More than 1,000 experts, including technology leaders, scientists, and others working in the field of
Signed an open letter warning AI technologies pose "profound risks for society and humanity." Elon Musk, Tesla CEO, and Twitter owner, were among the group that urged AI laboratories to stop developing their most powerful systems during the next six months in order to better understand the risks of the technology. The letter stated that "powerful AI systems shouldn't be developed until we are sure their effects will positive and their risk will be manageable." The letter was short. It has now received more than 27,000 signatories. The letter's language was very broad. Some of the names who signed the letter appeared to have an uneasy relationship with AI. Musk is a prime example. He is launching his own AI company and is a major donor to the organization who wrote the letter. The letter reflected a growing concern from AI experts, who were concerned that the latest systems could harm society, notably GPT-4 (the technology developed by San Francisco-based startup OpenAI). They thought future systems would be even more dangerous. Some of these risks are already here. Some risks will arrive in the next few months or even years. Others are pure hypothetical.
Our ability to understand the potential pitfalls of very powerful AI systems, said Yoshua Benjamin, professor and AI researcher at University of Montreal. "We need to be extremely careful."
Why are they worried?
Bengio may be the most important signatory to the letter. Bengio has spent the last four decades working with two other academics, Geoffrey Hinton (who was until recently a Google researcher) and Yann LeCun (now chief AI scientist at Meta - the owner of Facebook). Together, they have developed the technology behind systems such as GPT-4. The researchers were awarded the Turing Award in 2018 for their work with neural networks. This award is often referred to as "the Nobel Prize of computing". A neural network is an analytical mathematical system which learns by analyzing data. Around five years ago companies like Google, Microsoft, and OpenAI started building neural networks which learned from large amounts of digital texts called LLMs. LLMs can generate their own text by identifying patterns in the text. This includes blog posts, poetry and computer programs. They can carry on a full conversation. This technology helps computer programmers and writers to generate new ideas and accomplish tasks more quickly. Bengio and others have also warned LLMs that they can be taught unwanted and unexpected behavior. These systems may produce untrue, biased or toxic information. GPT-4 systems can make up facts and misrepresent the truth, a phenomenon known as "hallucination". These problems are being addressed by companies. Bengio and other experts are concerned that researchers will introduce new dangers as they make these systems more powerful.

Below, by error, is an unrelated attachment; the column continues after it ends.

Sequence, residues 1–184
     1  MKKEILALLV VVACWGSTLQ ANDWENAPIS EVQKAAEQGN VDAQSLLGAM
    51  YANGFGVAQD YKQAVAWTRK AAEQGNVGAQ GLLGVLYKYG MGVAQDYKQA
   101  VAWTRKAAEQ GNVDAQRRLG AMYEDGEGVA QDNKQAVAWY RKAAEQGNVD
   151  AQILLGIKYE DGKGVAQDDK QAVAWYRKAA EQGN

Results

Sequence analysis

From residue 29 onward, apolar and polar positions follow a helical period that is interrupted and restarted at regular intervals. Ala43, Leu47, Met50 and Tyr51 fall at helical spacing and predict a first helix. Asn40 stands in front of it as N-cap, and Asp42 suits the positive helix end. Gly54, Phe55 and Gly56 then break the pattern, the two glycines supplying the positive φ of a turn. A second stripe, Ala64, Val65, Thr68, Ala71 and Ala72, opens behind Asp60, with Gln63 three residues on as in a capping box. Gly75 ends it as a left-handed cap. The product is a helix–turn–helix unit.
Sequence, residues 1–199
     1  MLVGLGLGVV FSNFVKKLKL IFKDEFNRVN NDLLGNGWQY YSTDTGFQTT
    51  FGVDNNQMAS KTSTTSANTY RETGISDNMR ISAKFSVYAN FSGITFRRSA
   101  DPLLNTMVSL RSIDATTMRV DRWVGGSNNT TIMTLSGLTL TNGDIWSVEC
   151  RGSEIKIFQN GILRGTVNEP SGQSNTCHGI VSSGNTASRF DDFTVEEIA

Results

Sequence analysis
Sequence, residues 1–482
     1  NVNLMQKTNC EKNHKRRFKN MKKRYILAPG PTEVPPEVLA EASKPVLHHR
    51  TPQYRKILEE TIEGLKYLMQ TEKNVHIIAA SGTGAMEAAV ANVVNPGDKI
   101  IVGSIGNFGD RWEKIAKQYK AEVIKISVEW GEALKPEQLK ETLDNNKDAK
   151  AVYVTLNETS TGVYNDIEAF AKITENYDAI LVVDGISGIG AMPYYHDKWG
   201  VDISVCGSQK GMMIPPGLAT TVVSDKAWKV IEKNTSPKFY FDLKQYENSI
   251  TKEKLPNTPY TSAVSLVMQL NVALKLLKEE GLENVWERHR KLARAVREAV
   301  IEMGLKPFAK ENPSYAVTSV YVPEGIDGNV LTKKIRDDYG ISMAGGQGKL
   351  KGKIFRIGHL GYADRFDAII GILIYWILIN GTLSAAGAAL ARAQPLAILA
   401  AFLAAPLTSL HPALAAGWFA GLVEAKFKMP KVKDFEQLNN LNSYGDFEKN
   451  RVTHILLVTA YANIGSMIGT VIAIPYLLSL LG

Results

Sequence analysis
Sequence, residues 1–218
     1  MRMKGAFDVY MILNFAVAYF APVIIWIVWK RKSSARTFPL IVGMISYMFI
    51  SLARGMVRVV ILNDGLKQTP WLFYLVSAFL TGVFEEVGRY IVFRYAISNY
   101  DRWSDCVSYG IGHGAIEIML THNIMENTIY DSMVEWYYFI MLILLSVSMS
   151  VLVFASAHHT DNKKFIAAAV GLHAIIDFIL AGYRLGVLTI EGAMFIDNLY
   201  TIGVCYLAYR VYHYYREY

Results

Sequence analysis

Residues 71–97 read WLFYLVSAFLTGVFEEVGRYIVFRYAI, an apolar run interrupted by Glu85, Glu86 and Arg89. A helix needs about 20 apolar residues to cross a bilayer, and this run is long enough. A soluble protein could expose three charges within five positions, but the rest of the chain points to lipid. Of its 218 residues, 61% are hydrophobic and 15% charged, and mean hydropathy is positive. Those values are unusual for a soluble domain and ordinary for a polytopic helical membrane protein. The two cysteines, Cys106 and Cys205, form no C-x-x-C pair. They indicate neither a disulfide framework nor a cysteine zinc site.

Short-term Risk: Misinformation
It can be difficult to distinguish between fact and fiction because these systems seem to deliver information with complete confidence. Experts worry that people may rely on the systems to provide medical advice, emotional support, and raw information for making decisions. Subbarao Kambhampati is a professor of Computer Science at Arizona State University. He said that there was no guarantee these systems would be accurate in any task they were given. Experts worry that people may misuse these systems in order to spread misinformation. They can be convincing because they can speak in a humanlike way. Bengio stated that "we now have systems which can interact with us using natural language and we cannot distinguish the real from fake".
Medium-term Risk: Job loss
Experts worry that AI could kill jobs. Currently, technologies such as GPT-4 are used to supplement human workers. OpenAI admits, however, that some workers could be replaced by these technologies. This includes people who moderate internet content. Yet, they cannot duplicate the work done by doctors, lawyers or accountants. They could replace paralegals as well as personal assistants and interpreters. OpenAI researchers wrote a paper estimating that LLMs could affect at least 10% or the work of 80% of U.S. workers and that at least 50% might be affected for 19%. Oren Etzioni is the founder CEO of the Allen Institute for AI in Seattle. He said that there are signs that rote tasks will disappear.
Loss of control: Long-term risk
Some of the people who signed this letter believe that artificial intelligence can slip out of our control, or even destroy humanity. Many experts, however, say this is a huge exaggeration. The Future of Life Institute is an organization that explores existential risks for humanity. They warn that AI systems could cause serious problems because they learn unanticipated behavior from the massive amounts of data they analyse. As companies integrate LLMs with other internet services they worry that these systems may gain unanticipated power because they can write their own code. Developers will be putting themselves at risk if they let powerful AI systems run their own code, say the experts. Anthony Aguirre is a theoretical cosmologist, physicist, and cofounder of the Future of Life Institute. He said that if you extrapolate where we are today to three years in the future, the situation will be very strange. "If you look at a less likely scenario, in which things really take off and there is no governance, or where these systems are more powerful than expected, then things can get crazy," said Aguirre. Etzioni dismissed talk of existential risks as hypothetical. He said that other risks, most notably the risk of disinformation, were not mere speculation. He said, "Now we are facing some real issues." They are real. They need a responsible response. "They may need regulation and legislation."